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Full NameDr Amanda McCann
Organisation:University College Dublin
Senescence, Chemoresistance, Extracellular Vesicles/exosomes, Breast Cancer
Amanda McCann is a PI and UCD Conway Fellow in the UCD Conway Institute of Biomolecular and Biomedical Science. She is also Associate Professor and Head of Pathology in the UCD School of Medicine and Academic Lead on the establishment of the UCD Academic Centre in Translational Oncology (ACTO). She is also a founding member of the International Cell Senescence Association (ICSA) http://www.cellsenescence.info/
Her group's specific area of interest is to decipher how cancer cells can maintain viability via cellular senescence in the face of chemotherapy, particularly in the space of triple negative breast cancer and high grade serous ovarian cancer. Cellular senescence is a viable cellular fate mechanism which although non-replicative, is highly metabolically active producing a wealth of cytokines and an increased release of extracellular vesicles/exosomes that impact directly on the tumour microenvironment (TME). Tumour hypoxia integral to chemoresistance and indeed chemotherapeutic agents such as the taxanes and platinums used in the portfolio of drugs in the TNBC and ovarian cancer setting can also induce senescence. Her group and others believe that the eradication of senescent cells will ensure a more efficacious patient response to chemotherapy.
Triple negative breast cancer (TNBC) is an aggressive, innately hypoxic and chemoresistant tumour with a poor clinical outcome. Treatments are limited and non-specific, due to its treatment-resistant biology. Chemotherapy, while killing cancer cells, paradoxically also results in the generation of highly resistant viable senescent cancer cells which have the potential to form stem cell niches resulting in metastatic disease. Importantly, both hypoxic environments and senescent cells release considerably more extracellular vesicles (EVs) /exosomes than normoxic or non-senescent cells.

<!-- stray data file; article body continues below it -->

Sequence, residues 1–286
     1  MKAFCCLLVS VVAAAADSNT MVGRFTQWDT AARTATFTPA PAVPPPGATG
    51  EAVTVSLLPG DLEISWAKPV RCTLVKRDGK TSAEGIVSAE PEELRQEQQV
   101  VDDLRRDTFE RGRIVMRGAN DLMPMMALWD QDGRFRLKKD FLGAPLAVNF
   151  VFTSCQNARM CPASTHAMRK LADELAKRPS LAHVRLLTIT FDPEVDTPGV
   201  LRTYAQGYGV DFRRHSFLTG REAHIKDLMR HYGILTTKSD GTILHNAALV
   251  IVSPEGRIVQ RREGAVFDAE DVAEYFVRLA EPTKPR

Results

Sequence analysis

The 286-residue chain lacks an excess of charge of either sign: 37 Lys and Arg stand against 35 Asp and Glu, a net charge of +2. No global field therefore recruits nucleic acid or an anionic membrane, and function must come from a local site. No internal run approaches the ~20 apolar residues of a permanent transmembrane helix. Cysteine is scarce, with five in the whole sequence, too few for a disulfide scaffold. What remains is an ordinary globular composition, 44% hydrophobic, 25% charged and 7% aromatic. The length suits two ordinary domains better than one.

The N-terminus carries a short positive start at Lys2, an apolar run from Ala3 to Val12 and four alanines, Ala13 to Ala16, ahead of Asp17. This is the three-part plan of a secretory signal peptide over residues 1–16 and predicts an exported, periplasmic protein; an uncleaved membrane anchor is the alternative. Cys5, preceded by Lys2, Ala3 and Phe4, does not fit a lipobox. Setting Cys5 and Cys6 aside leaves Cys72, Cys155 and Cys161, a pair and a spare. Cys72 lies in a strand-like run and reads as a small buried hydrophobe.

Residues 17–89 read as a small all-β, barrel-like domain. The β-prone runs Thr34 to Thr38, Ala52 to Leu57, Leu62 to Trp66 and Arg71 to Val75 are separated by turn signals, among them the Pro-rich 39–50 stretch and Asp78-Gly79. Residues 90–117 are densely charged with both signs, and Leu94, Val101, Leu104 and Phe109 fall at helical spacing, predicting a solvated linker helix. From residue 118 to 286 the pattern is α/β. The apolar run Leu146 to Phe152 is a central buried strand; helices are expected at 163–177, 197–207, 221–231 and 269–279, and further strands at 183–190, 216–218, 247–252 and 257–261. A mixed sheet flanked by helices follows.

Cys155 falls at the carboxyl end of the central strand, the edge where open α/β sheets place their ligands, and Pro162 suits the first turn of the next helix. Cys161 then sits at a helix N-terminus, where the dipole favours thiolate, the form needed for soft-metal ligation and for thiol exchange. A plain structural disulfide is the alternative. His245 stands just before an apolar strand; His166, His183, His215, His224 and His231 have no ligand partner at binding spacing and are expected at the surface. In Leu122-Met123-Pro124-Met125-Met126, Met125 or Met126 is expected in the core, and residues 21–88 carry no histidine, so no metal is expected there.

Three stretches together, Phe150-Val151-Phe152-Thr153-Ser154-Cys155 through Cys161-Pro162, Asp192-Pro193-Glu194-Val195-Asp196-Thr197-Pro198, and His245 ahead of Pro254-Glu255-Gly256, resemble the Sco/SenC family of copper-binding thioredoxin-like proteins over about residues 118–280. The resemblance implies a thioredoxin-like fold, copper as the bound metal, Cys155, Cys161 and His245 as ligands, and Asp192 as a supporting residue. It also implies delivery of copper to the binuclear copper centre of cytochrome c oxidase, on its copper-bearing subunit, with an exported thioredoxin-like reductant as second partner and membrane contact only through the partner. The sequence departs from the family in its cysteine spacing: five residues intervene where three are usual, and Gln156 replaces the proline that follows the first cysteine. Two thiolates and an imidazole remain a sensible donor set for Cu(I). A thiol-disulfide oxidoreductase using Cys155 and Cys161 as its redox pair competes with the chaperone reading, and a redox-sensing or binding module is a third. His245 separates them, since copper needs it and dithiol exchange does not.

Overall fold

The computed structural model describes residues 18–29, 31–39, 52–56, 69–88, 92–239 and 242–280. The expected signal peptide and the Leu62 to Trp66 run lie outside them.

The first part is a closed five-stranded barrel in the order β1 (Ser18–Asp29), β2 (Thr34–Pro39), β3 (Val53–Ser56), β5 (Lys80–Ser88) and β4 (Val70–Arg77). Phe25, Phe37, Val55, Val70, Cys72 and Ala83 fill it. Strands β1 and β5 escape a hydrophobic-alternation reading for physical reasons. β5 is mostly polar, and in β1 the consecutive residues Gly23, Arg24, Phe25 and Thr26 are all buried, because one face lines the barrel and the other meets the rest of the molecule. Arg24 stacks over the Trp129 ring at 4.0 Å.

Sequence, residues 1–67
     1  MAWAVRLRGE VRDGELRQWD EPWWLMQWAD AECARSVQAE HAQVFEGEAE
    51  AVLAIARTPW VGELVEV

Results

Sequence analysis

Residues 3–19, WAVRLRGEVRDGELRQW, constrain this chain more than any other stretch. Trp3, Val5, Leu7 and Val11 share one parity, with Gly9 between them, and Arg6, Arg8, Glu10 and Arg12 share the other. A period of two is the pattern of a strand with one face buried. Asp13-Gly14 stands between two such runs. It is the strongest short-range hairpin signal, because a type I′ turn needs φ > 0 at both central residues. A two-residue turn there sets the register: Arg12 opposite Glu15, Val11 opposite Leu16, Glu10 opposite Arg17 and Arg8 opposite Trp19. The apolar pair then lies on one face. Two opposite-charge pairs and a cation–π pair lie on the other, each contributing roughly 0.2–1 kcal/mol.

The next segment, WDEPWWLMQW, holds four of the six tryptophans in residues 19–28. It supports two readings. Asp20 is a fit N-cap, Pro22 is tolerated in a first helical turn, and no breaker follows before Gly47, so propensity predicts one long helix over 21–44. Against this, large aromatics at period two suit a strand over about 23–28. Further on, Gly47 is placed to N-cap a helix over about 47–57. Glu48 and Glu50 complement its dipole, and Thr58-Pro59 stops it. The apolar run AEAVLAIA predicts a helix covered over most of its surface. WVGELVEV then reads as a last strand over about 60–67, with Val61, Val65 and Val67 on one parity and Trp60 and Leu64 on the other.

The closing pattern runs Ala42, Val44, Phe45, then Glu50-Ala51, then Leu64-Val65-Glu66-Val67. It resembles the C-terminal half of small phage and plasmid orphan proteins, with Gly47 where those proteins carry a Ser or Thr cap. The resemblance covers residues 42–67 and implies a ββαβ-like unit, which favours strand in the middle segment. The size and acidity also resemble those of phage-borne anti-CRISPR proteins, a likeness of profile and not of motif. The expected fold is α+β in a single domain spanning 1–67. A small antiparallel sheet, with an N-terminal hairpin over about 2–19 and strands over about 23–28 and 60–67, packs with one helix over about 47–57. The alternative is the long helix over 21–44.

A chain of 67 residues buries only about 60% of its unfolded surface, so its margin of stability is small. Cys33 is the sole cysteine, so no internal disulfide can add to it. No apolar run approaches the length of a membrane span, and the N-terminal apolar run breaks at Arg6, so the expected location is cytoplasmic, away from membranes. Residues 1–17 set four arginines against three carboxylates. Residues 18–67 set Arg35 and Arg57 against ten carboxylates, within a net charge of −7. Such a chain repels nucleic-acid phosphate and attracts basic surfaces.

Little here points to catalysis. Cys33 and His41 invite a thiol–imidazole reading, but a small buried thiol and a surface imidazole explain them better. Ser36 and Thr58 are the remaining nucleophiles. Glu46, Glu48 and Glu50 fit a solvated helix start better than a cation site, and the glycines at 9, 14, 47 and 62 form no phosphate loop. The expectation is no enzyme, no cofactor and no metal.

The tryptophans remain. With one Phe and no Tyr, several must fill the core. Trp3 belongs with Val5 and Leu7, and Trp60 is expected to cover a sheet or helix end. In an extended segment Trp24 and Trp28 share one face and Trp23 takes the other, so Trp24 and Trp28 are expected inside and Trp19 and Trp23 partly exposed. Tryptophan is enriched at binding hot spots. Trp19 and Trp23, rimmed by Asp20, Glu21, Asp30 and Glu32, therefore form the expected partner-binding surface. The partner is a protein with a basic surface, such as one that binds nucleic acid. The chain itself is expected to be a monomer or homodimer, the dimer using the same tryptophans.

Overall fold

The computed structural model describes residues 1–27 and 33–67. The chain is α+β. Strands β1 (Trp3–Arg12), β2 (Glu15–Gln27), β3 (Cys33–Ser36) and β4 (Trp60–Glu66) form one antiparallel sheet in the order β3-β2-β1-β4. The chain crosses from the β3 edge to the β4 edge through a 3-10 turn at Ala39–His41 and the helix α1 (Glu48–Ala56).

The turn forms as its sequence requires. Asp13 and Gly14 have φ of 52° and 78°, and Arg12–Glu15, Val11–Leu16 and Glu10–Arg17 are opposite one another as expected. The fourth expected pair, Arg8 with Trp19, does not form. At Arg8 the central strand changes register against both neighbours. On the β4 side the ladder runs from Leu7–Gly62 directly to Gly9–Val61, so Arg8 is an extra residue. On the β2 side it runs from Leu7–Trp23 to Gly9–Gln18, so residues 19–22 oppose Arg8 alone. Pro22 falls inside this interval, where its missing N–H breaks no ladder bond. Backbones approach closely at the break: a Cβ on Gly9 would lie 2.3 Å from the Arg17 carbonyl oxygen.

Hypothesis:- Extracellular Vesicle (EV) profiles generated from the plasma of patients with advanced /metastatic TNBC (mTNBC), can predict treatment response and patient outcome and potentially identify novel treatment targets in the advanced TNBC setting.
PhD Project Outline:-
1. Ethical approval has been granted by the Mater Hospital Dublin, Ireland, to obtain longitudinal plasma samples from women diagnosed with mTNBC. Five samples will be obtained during the course of a year of the patient's treatment journey. Recruitment has already commenced including detailed clinical response information recorded.
2. Following extravesicle/exosome (EV) isolation from these clinical plasma samples
- Nanoparticle Tracking Analysis (NTA) will enumerate and size the number of EVs per sample and generate a differential size signature longitudinally compared to the patient-s initial sample.
- Raman spectroscopy will generate macromolecular signatures that we can longitudinally compare.
- HPLC glycosylation profiling and lectin binding arrays will identify an N-glyan signature on EV membranes which will be profiled longitudinally.
- Mass spectrometry differential protein analysis of the EV membrane and contents will also be profiled.
The later part of the Doctoral studies will involve targeting key extravesicle (EV) membrane proteins (using antibodies) and EV membrane glycan moieties (using lectins) to
1) Disrupt the ability of EVs to subsequently dock, internalise and share their transcriptional and nutritional load with recipient cancer cells.
2) As exosomal membrane profiles uniquely reflect the cell type from which they are derived, these profiles will give us insight into possible novel targets to treat mTNBC disease for which there is currently no long term cure.